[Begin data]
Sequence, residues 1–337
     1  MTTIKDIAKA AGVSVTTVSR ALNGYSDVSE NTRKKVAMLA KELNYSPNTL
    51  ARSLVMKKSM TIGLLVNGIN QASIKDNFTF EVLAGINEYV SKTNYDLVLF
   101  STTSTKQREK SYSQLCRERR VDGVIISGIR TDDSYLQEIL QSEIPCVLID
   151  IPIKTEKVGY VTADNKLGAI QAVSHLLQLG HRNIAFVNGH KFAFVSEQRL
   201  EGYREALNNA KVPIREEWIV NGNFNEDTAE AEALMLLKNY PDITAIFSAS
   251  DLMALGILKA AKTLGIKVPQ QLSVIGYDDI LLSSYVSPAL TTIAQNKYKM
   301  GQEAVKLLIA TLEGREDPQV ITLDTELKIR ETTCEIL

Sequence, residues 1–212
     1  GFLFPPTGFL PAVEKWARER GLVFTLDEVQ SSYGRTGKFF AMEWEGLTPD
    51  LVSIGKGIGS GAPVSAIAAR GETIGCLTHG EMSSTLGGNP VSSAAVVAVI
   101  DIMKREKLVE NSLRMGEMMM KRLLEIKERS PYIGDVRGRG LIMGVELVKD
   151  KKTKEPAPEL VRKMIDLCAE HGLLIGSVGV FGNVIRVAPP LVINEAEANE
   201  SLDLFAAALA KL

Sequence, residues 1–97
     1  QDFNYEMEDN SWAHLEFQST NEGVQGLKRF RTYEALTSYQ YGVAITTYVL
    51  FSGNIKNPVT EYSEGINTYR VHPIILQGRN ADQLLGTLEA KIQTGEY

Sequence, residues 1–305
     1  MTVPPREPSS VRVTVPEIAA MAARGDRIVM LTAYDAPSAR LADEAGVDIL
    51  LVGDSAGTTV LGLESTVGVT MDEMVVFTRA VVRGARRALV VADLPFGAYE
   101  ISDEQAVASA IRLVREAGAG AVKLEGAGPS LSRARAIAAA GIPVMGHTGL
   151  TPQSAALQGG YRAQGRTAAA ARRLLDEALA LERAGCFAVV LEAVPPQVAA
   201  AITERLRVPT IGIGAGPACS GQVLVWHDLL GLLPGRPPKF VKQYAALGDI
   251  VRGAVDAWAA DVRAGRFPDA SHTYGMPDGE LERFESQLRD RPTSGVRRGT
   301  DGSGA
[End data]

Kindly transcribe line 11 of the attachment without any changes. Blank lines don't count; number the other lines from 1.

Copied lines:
    51  LVSIGKGIGS GAPVSAIAAR GETIGCLTHG EMSSTLGGNP VSSAAVVAVI